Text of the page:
In Chapter 3, Francis lays a simply but effective theology of the Holy Spirit that rivals my seminary classes. I wish that my class work would have been this good to read! (no offense Mr. Grudem) In doing so, Chan asks “When was the last time you were saddened because your sin pained the Holy Spirit” (72) – Sadly, I cant remember the last time I thought about paining the Holy Spirit. I think about sinning against God – but not about paining Him. Maybe I should more.

Chapter 5 (which was my absolute favorite chapter) really challenged me to take my relationship with the Holy Spirit seriously.  My life is too safe and too loud too much!  The story about the man locked away for his faith and how, upon getting his freedom, longed for the persecution he once endured. I’ve heard similar stories before, but this one really stuck with me. If today, I was hit with persecution, how would I respond? How would I act.  May God help me to quiet my life and not worry about running toward safety and more running toward the cross.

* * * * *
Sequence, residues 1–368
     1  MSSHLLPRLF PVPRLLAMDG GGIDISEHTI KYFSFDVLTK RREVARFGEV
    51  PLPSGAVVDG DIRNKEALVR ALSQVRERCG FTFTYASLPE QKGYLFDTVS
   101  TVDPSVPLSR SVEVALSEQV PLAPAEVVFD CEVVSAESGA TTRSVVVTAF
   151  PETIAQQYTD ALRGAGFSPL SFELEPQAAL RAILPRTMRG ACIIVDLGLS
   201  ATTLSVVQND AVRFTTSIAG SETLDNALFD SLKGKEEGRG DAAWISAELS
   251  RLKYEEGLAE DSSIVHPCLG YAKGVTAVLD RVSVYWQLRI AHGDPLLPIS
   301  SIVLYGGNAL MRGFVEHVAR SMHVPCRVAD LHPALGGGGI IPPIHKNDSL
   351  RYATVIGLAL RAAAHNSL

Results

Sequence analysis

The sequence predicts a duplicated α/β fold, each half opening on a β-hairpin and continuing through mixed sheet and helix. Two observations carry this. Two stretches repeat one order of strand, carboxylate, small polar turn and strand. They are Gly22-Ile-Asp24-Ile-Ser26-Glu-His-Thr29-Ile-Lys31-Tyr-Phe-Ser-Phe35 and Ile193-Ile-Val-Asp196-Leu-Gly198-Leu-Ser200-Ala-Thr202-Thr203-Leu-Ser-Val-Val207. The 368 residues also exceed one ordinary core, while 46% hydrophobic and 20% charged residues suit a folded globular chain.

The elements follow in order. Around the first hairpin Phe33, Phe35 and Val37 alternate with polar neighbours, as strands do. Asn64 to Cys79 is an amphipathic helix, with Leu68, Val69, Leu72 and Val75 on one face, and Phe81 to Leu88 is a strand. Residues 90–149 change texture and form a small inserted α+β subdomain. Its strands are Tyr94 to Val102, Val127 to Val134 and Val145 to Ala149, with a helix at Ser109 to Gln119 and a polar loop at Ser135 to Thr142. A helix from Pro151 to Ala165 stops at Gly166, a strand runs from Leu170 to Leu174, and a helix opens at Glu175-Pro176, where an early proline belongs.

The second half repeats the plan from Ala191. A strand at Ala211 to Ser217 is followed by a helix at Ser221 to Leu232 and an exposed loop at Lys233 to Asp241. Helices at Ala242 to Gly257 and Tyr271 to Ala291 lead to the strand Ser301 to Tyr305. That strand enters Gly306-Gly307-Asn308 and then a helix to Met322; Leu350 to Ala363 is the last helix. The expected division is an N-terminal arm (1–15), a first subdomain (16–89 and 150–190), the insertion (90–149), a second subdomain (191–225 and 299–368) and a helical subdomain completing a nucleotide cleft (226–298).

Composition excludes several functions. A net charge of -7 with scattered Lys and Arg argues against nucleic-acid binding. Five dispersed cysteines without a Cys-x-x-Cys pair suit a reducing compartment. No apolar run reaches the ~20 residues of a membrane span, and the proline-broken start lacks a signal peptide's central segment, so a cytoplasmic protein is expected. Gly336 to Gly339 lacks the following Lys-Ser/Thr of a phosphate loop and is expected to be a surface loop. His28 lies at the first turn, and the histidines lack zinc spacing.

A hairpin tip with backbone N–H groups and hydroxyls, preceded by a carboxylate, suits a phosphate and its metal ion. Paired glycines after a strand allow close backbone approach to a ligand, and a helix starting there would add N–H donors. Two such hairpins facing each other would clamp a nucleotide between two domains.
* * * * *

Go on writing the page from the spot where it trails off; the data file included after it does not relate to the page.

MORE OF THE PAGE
The last thing I want to talk about is something I saw a long time ago in Experiencing God – God’s Will “for my life.”  It’s not the point!!! God wants me to be concerned with His will. period.  It’s about walking with Him daily. “God cares more about our response to His Spirit’s leading today, in this moment, then what we intend to do next year.” (120) It’s so easy to get caught up in what God is going to do than what He’s doing right now!  

FG really made me stop and think and ask this one super important question – Am I letting the Holy Spirit do anything in my life and if so, what?  After you read it, I believe you will be asking the same questions and will end up at the same place I am right now – desperately wanting to remember daily the Forgotten God.